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Copper River salmon

RRPRRP Posts: 19,171
edited 9:39AM in EggHead Forum
National Public Radio did a piece this morning about the hoopla in Seattle about Copper River salmon which experts claim to be the world's best. Do we have any eggperts to attest to that? Either way the piece was enough to convince me what to fix tonight!
L, M, S, Mini
Dunlap, IL


  • sprintersprinter Posts: 1,188
    RRP,[p]Copper River salmon or not, if you have a chance to get some salmon on the egg, DO IT. I've eaten enough in the past couple of weeks to start growing gills, its AWESOME. I've posted some of my 'speriments over the past couple of weeks or email me if you want more detail. Salmon and fish on the egg is GREAT.[p]Troy
  • MaryMary Posts: 190
    I've eaten copper river salmon when I was in Alaska and it is awesome. but even farm raised Atlantic salmon is delicious on the egg - especially if you toss on some alder wood.[p]Mary

  • sprintersprinter Posts: 1,188
    Mary,[p]I've really got to get some more wood choices. I have a TON (literally, not figuratively), of fruit woods to smoke with but have never used any alder, pecan and some of the other more exotic stuff that others rave about. I have several orchards around me that are more than happy to supply me with their prunings and my dad has a dozen or so apple, cherry, pear and peach trees in the yard.[p]The salmon I've been eating is from Lake Michigan, mainly Coho (different than Atlantic?) and I have a couple of lake trout also, my dad makes several trips a year to go fishing with a buddy and always brings back a big cooler (or two) full. Never tried any Atlantic salmon (to my knowledge) or Copper River salmon but if I see it, I'll definitely give it a shot.[p]Troy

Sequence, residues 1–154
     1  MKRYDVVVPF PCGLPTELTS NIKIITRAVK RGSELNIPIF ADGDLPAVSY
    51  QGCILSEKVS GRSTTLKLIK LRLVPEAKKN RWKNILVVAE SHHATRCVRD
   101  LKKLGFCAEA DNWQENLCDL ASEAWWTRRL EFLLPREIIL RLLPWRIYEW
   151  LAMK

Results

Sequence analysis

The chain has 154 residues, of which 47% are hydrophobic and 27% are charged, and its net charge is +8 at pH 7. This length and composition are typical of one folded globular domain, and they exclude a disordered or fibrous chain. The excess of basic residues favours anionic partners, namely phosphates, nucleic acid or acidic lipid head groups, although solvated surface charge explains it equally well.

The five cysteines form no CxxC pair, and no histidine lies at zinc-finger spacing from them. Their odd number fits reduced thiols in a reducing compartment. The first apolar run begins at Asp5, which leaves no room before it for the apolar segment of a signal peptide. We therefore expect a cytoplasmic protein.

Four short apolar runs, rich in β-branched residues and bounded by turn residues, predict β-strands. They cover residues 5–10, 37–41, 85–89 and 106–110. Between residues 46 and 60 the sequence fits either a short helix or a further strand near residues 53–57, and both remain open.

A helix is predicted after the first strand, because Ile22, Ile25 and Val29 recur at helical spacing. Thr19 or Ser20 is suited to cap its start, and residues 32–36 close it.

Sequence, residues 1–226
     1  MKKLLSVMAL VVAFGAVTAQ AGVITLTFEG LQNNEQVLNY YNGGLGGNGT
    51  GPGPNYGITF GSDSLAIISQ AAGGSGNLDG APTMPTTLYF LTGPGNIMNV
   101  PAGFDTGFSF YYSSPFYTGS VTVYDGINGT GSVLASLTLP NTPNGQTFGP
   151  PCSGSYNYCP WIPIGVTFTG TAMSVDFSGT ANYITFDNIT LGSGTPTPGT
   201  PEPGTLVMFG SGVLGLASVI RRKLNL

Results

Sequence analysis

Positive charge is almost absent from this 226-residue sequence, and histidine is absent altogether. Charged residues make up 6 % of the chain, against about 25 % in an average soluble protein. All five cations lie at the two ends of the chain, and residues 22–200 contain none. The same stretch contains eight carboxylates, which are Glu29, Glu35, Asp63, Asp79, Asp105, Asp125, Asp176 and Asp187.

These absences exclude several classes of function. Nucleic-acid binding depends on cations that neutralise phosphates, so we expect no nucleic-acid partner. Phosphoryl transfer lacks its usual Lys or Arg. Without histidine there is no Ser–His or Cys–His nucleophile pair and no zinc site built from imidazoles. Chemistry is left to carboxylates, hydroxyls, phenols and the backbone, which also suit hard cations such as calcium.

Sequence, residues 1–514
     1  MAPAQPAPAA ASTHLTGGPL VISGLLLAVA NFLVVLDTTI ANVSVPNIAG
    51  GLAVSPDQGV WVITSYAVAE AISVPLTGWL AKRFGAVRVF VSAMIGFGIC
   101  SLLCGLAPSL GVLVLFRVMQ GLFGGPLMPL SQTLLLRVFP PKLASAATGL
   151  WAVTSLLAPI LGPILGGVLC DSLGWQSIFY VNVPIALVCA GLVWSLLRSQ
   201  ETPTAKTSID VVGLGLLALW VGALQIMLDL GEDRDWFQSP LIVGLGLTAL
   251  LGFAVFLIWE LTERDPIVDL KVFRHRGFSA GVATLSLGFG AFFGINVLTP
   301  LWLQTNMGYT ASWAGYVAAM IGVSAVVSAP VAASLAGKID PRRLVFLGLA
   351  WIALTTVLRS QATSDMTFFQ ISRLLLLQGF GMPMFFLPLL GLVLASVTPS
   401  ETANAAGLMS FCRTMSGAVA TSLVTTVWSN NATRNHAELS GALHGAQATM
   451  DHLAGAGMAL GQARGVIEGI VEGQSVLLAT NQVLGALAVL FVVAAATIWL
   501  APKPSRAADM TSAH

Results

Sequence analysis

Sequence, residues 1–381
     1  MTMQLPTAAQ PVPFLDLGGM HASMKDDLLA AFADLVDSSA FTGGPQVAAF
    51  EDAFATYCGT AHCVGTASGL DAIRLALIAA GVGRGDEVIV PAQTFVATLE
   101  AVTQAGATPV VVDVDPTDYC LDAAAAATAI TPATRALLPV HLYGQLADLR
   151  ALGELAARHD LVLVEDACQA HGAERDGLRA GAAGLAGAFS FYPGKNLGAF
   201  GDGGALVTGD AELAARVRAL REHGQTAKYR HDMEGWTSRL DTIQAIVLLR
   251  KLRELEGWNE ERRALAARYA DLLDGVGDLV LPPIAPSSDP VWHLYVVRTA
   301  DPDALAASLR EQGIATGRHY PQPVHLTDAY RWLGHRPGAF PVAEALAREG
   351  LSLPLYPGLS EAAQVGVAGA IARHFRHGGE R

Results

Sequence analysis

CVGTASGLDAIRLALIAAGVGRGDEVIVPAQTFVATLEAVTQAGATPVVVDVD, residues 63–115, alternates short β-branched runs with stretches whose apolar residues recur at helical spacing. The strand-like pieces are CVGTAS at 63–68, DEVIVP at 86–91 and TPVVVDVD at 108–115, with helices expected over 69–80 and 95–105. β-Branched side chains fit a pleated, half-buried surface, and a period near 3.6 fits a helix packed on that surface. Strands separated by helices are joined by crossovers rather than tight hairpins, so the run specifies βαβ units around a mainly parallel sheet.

• Frozen ChosenFrozen Chosen Posts: 131
    RRP,The Copper River fishery opened Monday; king and red (sockeye) salmon from this run must ascend the Copper, a very long, strong, glacial river. Because they need a lot of stored energy for this spawning migration, these fish have more fat reserves than normally found in coastal runs of salmon. Same is true for Yukon River fish, which are every bit as good but have a poor press agent. The river is open to dip-netting, and I may make it over this year. The fish grills great, as the fat keeps the meat a little moister than it would be for other salmon. I like this quick grilled on high heat, just like a beef fillet, with a finishing dollop of tarragon/garlic butter.
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